Chancellor Rishi Sunak shows political naivety in bruising week - Bernard Ingham

When I read that Chancellor Rishi Sunak has a photo of a predecessor, Nigel Lawson, on his desk, I nearly had a fit.

My reaction was a passable imitation of Margaret Thatcher’s expostulation when she learned President Reagan had offered to give up nuclear weapons: “Has the man gone mad?”

Now, don’t get me wrong. Nigel Lawson was a clever chap.

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Some would say too clever by half, certainly for his own good. But he did good work.

Rishi Sunak. Picture: Getty.

First, as Energy Secretary, he ensured that our power stations were overflowing with fuel before the inevitable miners’ strike in 1984.

On his watch inflation fell to 3.4 per cent in 1986 from a peak of 18 per cent in 1980, though, to be fair, his predecessor, Sir Geoffrey Howe did the heavy work and took the blows to get there.

Lawson is then credited with the Big Bang that de-regulated and strengthened the City of London.

And he certainly was tax cutter in his 1986-87 budgets.

In fact, some Tories felt he had gone too far too quickly, thereby impairing control of inflation.

It was at this point that he began to exhibit signs that he wanted to run the economy without let or hindrance from No 10.

Mrs Thatcher had to point out that she was the First Lord of the Treasury and had a plaque on the door of No 10 to prove it.

This did not stop him going his own road and shadowing the D-mark at three D-marks to the pound.

Mrs Thatcher only discovered this when a Financial Times interview team produced a graph.

Things were never the same again between the two.

They went from bad to worse when he and Howe threatened to resign if she did not give a date for entry into the European Exchange Rate mechanism at the Madrid EC summit in 1989.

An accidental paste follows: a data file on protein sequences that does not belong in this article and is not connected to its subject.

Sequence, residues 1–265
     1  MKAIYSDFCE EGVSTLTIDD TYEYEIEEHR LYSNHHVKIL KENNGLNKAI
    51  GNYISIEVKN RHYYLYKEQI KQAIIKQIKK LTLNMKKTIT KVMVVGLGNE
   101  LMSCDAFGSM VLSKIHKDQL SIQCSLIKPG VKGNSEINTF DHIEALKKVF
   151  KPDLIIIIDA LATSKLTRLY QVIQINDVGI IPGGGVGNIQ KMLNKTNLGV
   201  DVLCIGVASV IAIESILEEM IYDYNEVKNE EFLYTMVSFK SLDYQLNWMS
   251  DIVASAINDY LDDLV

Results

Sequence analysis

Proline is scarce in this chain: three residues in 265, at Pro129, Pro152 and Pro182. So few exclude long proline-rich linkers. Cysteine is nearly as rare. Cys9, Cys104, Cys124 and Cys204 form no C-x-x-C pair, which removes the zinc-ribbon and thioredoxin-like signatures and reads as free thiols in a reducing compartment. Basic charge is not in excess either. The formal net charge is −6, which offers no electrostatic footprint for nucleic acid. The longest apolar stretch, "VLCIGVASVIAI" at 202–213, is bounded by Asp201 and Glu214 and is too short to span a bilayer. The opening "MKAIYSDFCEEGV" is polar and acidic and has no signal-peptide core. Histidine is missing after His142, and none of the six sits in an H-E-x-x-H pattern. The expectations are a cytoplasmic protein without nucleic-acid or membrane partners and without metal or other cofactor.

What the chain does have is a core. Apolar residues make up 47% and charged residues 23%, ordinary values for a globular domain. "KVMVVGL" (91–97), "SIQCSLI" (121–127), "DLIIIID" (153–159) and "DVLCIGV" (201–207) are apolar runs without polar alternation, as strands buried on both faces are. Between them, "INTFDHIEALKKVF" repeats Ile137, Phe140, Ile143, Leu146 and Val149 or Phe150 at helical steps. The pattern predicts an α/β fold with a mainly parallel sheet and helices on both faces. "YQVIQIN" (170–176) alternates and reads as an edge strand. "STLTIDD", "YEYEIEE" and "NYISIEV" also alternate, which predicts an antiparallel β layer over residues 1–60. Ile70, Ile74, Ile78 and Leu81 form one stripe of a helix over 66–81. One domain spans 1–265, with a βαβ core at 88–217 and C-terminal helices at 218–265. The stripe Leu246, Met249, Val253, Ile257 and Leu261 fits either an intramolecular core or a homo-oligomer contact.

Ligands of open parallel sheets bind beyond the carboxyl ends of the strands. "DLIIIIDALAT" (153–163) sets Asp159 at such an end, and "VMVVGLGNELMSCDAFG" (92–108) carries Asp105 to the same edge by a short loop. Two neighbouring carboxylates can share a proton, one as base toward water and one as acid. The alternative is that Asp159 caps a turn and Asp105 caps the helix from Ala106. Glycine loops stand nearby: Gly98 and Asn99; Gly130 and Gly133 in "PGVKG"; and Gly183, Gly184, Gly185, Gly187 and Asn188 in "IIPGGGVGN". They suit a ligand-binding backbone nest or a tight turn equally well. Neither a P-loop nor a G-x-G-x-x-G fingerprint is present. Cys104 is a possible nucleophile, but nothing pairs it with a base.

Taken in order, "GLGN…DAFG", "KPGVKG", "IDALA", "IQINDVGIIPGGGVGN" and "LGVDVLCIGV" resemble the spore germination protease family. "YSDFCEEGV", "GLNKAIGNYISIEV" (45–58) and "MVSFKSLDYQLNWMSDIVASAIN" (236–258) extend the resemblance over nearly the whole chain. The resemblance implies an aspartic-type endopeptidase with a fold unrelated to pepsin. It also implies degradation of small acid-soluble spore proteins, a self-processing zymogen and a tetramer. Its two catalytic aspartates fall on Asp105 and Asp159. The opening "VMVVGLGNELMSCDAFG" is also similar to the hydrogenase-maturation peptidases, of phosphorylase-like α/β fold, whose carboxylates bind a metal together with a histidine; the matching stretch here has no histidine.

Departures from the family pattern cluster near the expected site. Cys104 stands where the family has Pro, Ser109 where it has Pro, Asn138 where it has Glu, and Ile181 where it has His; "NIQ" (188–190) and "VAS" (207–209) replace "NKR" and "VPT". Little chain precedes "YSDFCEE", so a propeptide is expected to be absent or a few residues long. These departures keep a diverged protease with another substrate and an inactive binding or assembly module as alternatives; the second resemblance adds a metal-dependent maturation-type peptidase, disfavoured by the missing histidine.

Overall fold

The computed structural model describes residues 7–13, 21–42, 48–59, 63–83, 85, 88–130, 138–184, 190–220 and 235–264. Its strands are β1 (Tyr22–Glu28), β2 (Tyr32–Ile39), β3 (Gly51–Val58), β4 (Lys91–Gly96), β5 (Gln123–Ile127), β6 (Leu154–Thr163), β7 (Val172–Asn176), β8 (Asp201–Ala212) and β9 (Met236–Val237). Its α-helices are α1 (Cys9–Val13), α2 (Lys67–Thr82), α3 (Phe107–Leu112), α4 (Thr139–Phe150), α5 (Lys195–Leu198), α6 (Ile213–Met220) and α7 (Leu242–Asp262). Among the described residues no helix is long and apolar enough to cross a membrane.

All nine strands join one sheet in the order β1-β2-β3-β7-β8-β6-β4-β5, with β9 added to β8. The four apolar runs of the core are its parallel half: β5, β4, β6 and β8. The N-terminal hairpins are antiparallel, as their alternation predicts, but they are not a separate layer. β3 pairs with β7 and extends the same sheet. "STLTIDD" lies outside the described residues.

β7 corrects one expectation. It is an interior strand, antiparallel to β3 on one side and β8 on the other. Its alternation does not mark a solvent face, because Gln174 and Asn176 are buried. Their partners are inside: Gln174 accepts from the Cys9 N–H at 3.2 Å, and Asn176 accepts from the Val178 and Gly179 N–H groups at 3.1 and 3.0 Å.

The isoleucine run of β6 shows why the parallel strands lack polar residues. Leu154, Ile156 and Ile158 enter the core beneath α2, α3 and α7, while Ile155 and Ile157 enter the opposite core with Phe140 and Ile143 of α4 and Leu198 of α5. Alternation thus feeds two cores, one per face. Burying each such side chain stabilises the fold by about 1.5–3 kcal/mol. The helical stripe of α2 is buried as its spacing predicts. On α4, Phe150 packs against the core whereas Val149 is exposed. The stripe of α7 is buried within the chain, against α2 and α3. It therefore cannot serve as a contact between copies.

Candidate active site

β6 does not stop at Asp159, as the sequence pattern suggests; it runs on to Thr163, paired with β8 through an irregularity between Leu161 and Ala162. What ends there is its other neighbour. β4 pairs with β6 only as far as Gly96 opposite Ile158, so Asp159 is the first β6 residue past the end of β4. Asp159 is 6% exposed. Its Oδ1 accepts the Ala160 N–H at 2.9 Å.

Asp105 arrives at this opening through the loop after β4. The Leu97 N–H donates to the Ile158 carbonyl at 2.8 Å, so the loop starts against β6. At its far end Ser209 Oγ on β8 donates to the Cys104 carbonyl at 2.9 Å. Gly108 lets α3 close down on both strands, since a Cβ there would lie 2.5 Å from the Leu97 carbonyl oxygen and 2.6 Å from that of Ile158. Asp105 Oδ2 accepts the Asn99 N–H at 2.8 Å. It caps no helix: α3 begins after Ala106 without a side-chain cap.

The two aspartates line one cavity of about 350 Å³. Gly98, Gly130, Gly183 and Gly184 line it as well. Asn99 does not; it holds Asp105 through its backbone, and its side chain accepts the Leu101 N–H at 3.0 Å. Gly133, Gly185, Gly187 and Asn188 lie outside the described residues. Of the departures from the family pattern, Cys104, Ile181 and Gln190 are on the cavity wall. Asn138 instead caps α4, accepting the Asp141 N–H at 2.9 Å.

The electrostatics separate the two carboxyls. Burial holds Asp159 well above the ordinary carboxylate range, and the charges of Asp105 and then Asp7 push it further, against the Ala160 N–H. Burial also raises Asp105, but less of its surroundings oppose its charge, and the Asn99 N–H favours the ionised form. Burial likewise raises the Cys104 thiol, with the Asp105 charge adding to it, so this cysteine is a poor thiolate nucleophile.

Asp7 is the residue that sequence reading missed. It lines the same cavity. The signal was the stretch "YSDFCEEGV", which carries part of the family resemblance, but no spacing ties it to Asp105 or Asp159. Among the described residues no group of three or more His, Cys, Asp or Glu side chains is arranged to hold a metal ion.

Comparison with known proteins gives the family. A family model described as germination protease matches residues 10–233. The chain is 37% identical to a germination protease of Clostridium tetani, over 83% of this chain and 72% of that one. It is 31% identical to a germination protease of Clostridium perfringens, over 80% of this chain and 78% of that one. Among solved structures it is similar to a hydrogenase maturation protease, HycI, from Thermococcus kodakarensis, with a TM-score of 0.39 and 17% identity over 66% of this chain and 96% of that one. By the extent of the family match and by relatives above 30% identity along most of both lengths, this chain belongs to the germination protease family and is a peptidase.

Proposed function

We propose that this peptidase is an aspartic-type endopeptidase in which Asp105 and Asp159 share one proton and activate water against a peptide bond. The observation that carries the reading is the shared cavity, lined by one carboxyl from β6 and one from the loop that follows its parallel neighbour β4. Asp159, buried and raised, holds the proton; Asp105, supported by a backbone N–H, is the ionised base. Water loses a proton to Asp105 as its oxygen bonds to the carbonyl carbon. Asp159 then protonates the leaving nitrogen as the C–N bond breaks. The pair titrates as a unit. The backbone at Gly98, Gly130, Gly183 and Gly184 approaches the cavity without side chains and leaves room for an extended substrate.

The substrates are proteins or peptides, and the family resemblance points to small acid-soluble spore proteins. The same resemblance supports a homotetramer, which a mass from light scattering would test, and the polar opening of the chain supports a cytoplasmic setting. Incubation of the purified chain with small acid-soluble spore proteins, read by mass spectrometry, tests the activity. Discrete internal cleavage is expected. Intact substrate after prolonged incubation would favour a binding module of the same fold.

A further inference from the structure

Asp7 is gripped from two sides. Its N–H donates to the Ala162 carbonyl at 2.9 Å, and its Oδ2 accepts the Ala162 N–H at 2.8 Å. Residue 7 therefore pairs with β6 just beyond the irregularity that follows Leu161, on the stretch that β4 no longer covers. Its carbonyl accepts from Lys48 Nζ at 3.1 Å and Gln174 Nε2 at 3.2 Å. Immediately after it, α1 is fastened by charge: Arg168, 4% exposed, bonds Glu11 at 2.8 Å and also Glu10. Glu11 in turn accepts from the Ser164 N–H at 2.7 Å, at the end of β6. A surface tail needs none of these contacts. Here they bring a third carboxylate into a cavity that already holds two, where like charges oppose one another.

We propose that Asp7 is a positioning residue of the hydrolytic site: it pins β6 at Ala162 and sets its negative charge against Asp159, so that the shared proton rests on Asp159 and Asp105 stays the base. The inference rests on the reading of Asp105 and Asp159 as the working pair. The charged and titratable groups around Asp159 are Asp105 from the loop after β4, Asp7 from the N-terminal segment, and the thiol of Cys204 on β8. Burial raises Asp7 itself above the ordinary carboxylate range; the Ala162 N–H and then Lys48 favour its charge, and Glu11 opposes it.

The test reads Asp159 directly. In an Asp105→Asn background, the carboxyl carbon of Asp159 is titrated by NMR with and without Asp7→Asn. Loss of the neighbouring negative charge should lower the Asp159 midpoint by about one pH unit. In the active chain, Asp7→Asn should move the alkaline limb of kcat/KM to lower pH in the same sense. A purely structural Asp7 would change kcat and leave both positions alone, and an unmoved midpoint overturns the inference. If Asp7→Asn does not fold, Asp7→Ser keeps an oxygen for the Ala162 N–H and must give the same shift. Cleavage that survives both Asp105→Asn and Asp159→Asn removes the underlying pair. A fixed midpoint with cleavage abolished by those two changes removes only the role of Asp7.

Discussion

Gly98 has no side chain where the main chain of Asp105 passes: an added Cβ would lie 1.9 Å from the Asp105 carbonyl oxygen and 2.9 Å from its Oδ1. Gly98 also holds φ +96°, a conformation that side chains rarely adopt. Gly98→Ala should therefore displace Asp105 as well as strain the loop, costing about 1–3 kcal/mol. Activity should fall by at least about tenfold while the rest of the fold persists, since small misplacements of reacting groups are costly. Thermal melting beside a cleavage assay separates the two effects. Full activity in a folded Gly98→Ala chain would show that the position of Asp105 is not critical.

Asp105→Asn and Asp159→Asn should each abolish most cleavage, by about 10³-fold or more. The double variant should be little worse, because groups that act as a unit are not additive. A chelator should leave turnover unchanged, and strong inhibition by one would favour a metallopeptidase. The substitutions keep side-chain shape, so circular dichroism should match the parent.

She didn’t and they did not resign until a year later by which time the damage had been done. By 1990 inflation was running at 9.5 per cent and bank rate at 13.8 per cent.

And we all know what happened to our membership of the ERM which Mrs Thatcher was forced to join when she ran out of options.

It blew up in our faces on Black Wednesday in 1992.

In practice, Lawson created the conditions for the Tory Europhiles and Wets to ditch her.

I have gone to some lengths to examine the credentials of Mr Sunak’s evident tax-cutting hero because they expose his political naivety.

Lawson is altogether too complex an animal for any sensible Chancellor to adopt him as his pin-up boy.

That photograph might even be seen as provocative in No 10 given the tensions at the best of times between PM and Chancellor. Now over the past week Mr Sunak has revealed more of his political naivety with the revelations that his rich Indian wife had non-domicile tax status and that they carried a Green Card entitling them to live in the USA.

So far as I know the Sunaks have done nothing illegal but their “optics”, as they are now described, don’t bear examination.

What does it look like when a rich Chancellor and his wife with four mansions are rolling in it while he imposes tax increases on the public already faced with a cost of living crisis?

I am afraid that one of the besetting sins of Boris Johnson’s Government is to ignore the impact on public opinion of its actions – or inactions.

Which brings me to another reality.

Mr Sunak was never going to be the darling of the nation or his party in the £400bn debt aftermath of the pandemic – and certainly not if he did his duty in trying to get the economy back on an even keel.

Vladimir Putin’s invasion of Ukraine has intensified his financial problems and he faces one of the toughest rescue jobs we have seen in the last 75 years.

If ever we needed a successful Chancellor it is now.

Yet through naivety or neglect his leaky critics or enemies have damaged him.

Let’s hope that some good will come of an inquiry into the Sunak family’s finances, not least by providing a template for all would-be Ministers to keep them out of trouble.

In the meantime, Mr Sunak would do well to keep his head down and concentrate on his fearsome task of restoring the nation’s finances.

It would help if Mr Lawson’s photo no longer sat on his desk.

Sir Bernard Ingham was former Prime Minister Margaret Thatcher’s chief press secretary. He was born in Hebden Bridge, Yorkshire.